Home > Copyright, P2P, Privacy, Teksavvy, User Rights, Voltage > Teksavvy vs Voltage Going to Appeals

Teksavvy vs Voltage Going to Appeals

Teksavvy has filed an appeal on costs in the latest legal battle over file sharing in Canada involving Voltage pictures.  Copyright Lawyer Howard Knopf has written an excellent blog regarding the privacy implications of what has taken place to date, and has a different take on the privacy implications of the previous court decision than Micheal Geist. Knopf worte:

I must respectfully and explicitly disagree, which I rarely do, with Prof. Michael Geist; however, I must do so about this case. He has been very supportive of TekSavvy throughout. He had a blog the other day entitled “Defending Privacy Doesn’t Pay”.  In my view, it would be more accurate to say that defending privacy can and does pay if done vigorously and out of principle – both in terms of legal costs and subscriber good will. Moreover, full indemnity legal costs are very rarely recovered in Canadian litigation. Responsible ISPs should expect to incur some non-recoverable legal costs for defending their customers’ privacy as part of their “cost of doing business”. Indeed, speaking generally and not necessarily about this case, it’s arguable that ISPs have a positive duty to actually oppose ill-founded motions for disclosure and that failing to do so could expose them to liability – but that’s another topic for another day.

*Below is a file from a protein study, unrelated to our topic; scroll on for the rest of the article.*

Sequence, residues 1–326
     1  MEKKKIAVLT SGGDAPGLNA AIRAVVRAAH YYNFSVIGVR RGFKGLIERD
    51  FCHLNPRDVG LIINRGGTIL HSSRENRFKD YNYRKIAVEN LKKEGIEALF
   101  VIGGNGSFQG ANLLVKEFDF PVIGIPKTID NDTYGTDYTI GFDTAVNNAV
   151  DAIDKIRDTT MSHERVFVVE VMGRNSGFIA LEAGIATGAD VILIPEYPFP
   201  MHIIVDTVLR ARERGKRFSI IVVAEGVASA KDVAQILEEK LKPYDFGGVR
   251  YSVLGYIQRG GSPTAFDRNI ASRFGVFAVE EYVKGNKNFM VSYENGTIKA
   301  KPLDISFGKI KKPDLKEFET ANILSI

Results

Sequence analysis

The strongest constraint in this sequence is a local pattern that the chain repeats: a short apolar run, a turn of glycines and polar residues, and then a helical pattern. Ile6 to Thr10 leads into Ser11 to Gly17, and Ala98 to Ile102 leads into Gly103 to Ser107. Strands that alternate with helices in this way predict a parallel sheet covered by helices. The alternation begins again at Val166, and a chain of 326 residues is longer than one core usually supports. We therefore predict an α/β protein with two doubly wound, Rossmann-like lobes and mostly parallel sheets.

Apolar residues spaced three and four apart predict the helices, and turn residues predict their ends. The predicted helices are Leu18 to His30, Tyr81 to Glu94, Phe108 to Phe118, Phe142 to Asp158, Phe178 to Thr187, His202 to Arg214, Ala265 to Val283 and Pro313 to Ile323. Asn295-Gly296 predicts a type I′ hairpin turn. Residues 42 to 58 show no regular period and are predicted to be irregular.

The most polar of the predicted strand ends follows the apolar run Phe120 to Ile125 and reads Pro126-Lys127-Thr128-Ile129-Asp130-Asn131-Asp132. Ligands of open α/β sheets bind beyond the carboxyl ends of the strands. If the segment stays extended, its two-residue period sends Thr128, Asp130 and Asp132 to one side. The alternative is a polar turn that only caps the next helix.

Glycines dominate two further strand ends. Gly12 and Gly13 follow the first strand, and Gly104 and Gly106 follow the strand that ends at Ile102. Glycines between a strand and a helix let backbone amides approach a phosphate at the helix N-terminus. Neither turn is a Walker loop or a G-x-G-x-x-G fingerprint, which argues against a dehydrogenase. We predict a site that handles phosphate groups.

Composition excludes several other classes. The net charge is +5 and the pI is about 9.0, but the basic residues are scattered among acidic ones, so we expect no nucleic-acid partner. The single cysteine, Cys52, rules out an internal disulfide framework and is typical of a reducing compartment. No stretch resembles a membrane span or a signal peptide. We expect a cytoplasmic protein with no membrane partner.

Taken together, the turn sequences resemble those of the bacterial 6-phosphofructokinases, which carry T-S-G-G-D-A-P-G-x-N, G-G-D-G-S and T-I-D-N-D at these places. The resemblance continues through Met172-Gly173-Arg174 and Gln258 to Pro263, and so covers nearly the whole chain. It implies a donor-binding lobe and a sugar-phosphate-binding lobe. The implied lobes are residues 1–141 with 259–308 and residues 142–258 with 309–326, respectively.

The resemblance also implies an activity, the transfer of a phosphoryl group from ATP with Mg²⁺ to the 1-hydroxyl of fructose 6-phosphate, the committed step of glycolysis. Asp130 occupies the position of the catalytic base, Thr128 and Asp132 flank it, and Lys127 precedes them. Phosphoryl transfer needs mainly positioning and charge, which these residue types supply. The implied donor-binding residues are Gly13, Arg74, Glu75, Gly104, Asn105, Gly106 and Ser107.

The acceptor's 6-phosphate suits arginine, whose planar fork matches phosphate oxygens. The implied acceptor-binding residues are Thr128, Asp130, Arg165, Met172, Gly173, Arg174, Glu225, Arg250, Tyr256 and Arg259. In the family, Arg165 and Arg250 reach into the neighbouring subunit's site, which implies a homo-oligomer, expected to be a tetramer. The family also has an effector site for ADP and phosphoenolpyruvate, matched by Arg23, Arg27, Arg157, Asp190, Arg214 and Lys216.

Knopf’s blog is a must read for those who are following the case regardless of the position you have taken.  Knopf also points to an article in which lead legal council for Voltage is implying that Voltage may seek “actual” costs when going after downloaders which I find extremely interesting:

Zibarras explained that plaintiffs in piracy cases can opt for statutory damages or actual damages. The former are awarded automatically once it’s been proven in court the defendant actually did download the movie. The latter, actual damages, take into account how much money the production company may have lost due to the downloading and subsequent distribution.

In 2013 the US’s first file sharing case involving Jamie Thomas-Rasset made it’s way up the appeals process to the supreme court.  Thomas-Rasset was sued $222,000 for sharing 24 songs, in which her lawyer found that amount to be rather excessive and punitive, and wanted the case to be closer to the “actual” damages that occurred.  The Obama administration filed an interesting defense under which it defended the $222,000 ruling stating essentially that if actual damages were sought, than it would leave copyright holders unable to enforce their rights under law, and the US Supreme Court should not hear the case.  The Obama admin stated in the briefing:

“The public interest cannot be realized if the inherent difficulty of proving actual damages leaves the copyright holder without an effective remedy for infringement,”

The US Supreme Court decided not to hear the case and sided with the Obama admin.  This is why those following this case need to be properly informed.  Both Teksavvy and Voltage have their own interests, all of which seem to be trying to manipulate the public view to their advantage, which does nothing to properly inform those Teksavvy customers affected.  It’s an unfortunate situation, one I hope stops in the appeals process, or at least the courts can rise above all of this.

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